There are approximately 4 million Americans of Filipino descent. They comprise almost one-fourth (22%) of all Asian Americans and is the largest group within the Filipino diaspora. Most Filipino Americans are concentrated in Hawaii and California and in the latter, can be found within the metropolitan areas of Oakland-San Francisco (like Daly City, where the first U.S. branch of Jollibee is located), San Diego, and Los Angeles.
Areas in these cities that contain a high concentration of Filipinos are often called Little Manilas and sometimes Manilatowns or Filipinotowns. I think the first legally-recognized such area is the Historic Filipinotown in Los Angeles. This district was created by a resolution proposed by L.A. city councilor Eric Garcetti on August 2, 2002. Its borders are defined to be the U.S. Route 101 – Hollywood Freeway to the north, Beverly Blvd. to the south, Glendale Blvd. to the east, and Hoover St. to the west.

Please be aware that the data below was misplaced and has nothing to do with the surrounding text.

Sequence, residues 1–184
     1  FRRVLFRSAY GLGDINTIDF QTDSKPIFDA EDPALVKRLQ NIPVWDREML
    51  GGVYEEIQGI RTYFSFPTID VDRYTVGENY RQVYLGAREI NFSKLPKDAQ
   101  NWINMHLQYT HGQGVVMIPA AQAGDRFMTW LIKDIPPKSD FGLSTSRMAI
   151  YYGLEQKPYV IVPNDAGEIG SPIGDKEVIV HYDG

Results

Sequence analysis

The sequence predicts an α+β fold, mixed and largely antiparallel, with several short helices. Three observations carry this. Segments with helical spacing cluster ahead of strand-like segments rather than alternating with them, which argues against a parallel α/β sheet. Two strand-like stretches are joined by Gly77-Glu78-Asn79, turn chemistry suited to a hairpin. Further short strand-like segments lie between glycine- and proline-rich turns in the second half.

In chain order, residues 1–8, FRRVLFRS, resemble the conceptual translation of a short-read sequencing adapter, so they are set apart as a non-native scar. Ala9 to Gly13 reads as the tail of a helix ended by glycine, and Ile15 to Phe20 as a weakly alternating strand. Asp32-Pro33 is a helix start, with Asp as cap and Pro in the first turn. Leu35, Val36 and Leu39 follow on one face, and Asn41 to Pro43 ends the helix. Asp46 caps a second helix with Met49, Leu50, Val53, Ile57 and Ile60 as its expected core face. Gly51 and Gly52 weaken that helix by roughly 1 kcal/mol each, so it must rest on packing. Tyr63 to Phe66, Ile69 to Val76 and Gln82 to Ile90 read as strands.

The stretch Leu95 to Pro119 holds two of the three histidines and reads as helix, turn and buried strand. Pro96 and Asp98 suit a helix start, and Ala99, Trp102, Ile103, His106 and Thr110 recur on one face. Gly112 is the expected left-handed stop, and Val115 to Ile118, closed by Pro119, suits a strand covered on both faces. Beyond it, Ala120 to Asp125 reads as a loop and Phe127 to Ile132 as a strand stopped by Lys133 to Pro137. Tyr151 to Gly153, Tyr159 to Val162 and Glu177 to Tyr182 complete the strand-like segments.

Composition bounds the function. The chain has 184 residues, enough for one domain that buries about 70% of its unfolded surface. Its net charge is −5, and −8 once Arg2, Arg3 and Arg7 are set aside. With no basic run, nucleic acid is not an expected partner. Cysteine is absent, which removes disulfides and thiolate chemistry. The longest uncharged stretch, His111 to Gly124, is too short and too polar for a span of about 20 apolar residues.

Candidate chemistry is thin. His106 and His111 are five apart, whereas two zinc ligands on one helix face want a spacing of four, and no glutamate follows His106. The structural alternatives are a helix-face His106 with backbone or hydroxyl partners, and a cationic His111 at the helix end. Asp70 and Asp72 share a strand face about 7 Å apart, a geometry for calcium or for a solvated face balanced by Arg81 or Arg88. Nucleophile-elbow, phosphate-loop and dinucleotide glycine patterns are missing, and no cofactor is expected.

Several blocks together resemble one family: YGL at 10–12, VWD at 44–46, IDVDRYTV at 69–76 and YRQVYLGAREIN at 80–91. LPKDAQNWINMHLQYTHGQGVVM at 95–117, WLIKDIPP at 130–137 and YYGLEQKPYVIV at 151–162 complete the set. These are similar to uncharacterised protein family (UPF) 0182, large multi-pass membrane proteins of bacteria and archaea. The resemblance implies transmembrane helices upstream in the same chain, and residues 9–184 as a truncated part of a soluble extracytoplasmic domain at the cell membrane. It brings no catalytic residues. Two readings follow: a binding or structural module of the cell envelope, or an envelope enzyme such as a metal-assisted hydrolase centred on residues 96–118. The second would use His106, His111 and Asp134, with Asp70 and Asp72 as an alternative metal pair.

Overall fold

The Historic Filipinotown, interestingly nicknamed “Hi-Fi,” is the cultural heart of Filipinos in Los Angeles. The Historic Filipinotown Neighborhood Council spearheads the development and community projects within the area while the Historic Filipinotown Chamber of Commerce is another organization that promotes the district.